After years of speculation, Apple has officially released its version of a virtual and augmented reality headset called the Apple Vision Pro. Apple CEO Tim Cook called the product a “spatial computer” and strategically avoided the word “metaverse” by unveiling the device at the company’s Worldwide Developers Conference (WWDC) in Cupertino, California.
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Cook’s presentation showed various uses of the Vision Pro, including intense movie watching, video gaming and simple computing tasks such as accessing an Internet browser. Apple claims users can control the device intuitively through eye contact, as well as hand gestures and voice dictation.
The company plans to adapt hundreds of apps from the iOS App Store for the headset, including an updated version of FaceTime that creates an avatar of the user’s face and a “persona” for video conferencing.
The Vision Pro will be available in the US in early 2024 and other countries later next year.
How much does the Apple Vision Pro cost?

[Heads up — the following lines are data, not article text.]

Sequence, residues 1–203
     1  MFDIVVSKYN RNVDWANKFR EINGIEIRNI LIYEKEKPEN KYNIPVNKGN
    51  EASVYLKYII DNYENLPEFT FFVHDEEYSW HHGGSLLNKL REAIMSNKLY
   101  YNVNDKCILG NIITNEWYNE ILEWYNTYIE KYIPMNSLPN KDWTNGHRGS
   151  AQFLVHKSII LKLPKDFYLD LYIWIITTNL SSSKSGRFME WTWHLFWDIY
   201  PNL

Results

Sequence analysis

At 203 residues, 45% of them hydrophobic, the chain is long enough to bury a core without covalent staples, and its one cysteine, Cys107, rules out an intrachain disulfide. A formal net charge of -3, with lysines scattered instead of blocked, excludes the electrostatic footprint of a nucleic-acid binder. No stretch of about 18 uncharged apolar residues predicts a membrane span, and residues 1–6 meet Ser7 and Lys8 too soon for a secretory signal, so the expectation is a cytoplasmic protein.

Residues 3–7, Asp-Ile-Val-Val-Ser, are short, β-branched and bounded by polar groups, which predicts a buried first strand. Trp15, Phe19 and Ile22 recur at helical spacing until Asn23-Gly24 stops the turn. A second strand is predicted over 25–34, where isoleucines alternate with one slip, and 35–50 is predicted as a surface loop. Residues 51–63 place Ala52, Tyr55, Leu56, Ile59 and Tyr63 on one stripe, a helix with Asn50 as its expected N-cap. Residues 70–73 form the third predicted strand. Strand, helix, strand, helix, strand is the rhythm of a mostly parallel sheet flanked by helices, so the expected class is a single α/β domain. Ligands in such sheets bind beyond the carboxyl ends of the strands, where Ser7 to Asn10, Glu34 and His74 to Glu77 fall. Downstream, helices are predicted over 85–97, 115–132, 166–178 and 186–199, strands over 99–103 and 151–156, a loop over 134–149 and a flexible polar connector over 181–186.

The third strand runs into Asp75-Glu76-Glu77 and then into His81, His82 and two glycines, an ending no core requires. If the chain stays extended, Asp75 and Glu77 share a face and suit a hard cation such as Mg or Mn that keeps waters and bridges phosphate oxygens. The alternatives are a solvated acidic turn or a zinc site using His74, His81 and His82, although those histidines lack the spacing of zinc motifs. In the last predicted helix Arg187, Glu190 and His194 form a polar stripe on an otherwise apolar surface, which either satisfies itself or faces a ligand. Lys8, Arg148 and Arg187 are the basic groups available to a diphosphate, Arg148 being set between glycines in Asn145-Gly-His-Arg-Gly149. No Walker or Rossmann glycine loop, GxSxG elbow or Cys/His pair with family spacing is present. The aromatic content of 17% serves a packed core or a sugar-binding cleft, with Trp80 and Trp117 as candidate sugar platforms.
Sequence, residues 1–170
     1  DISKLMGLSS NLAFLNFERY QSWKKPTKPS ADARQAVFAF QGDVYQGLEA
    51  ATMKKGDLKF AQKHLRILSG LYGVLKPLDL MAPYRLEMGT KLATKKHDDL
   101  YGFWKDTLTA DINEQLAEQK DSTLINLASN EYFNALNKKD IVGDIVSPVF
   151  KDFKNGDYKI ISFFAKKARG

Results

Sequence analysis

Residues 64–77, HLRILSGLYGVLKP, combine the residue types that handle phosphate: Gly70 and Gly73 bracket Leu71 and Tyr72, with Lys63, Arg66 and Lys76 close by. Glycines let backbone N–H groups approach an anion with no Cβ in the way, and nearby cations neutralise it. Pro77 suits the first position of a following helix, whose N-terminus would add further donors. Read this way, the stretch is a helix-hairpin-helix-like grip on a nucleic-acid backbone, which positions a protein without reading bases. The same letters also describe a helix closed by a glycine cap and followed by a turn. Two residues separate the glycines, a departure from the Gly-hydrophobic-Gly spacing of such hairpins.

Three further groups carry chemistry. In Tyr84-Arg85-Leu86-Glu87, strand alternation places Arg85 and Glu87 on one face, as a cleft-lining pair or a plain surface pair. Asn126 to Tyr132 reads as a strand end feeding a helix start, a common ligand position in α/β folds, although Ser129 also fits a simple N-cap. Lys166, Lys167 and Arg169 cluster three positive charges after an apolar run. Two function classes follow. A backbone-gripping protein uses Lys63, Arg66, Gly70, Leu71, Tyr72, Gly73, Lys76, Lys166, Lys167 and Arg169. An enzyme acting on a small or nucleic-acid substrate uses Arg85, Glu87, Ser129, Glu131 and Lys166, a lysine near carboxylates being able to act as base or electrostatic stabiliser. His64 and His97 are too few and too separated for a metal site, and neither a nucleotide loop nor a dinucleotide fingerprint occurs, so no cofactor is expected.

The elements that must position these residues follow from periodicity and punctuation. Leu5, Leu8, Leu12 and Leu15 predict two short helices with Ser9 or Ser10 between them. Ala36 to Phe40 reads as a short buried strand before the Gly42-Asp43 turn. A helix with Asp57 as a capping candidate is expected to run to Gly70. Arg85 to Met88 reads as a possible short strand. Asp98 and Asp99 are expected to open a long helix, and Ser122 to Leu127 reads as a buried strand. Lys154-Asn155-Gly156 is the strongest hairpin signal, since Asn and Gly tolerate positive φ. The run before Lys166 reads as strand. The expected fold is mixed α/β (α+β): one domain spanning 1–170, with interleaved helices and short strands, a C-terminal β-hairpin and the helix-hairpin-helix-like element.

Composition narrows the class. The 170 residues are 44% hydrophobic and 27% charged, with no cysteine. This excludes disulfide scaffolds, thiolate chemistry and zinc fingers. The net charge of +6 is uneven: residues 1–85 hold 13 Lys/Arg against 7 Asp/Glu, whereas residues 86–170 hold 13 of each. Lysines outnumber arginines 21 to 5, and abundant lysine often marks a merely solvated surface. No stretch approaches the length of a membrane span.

The glasses are sleek and significantly slimmer than competing headsets, but still have some limitations inherent in the new technology. The headset’s battery only lasts about two hours — similar to the battery life of the popular Meta Quest headset — and it’s still primarily a vehicle for apps designed for laptop and phone flat screens.
The main difference to the competition is the Vision Pro’s stunning price. Apple confirmed the headset will cost $3,499, which is well above the current price of $999 for the top-of-the-line Meta Quest. The decision is in line with Apple’s well-known strategy of building on its brand loyalty and offering products at a higher price point than the competition.
Disney CEO Bob Iger made a surprise appearance at the conference and announced that the media company would integrate Disney+ functionality into the headset, allowing users to visit a Disney virtual world through their headsets.
The biggest winner from Apple’s announcement? Unity software
Unity Software, a 3D software and gaming company, rose 17% after Apple announced Unity’s video game technology would power the Apple Vision Pro headset. It was the stock’s biggest single jump since its IPO in 2020 and caused a brief halt in Unity trading.
“We know there’s a community of developers who have been building incredible 3D apps for years,” said Susan Prescott, Apple’s vice president of global developer relations, at the WWDC conference.
“Today we’re excited to announce that we’ve partnered with Unity to bring these apps to Vision Pro, giving popular Unity-based games and apps full access to VisionOS features like passthrough, high-resolution rendering, and native gestures can .”
Apple stock wasn’t quite as reactive, up just 1.45% at the close after hitting an all-time high earlier in the day.
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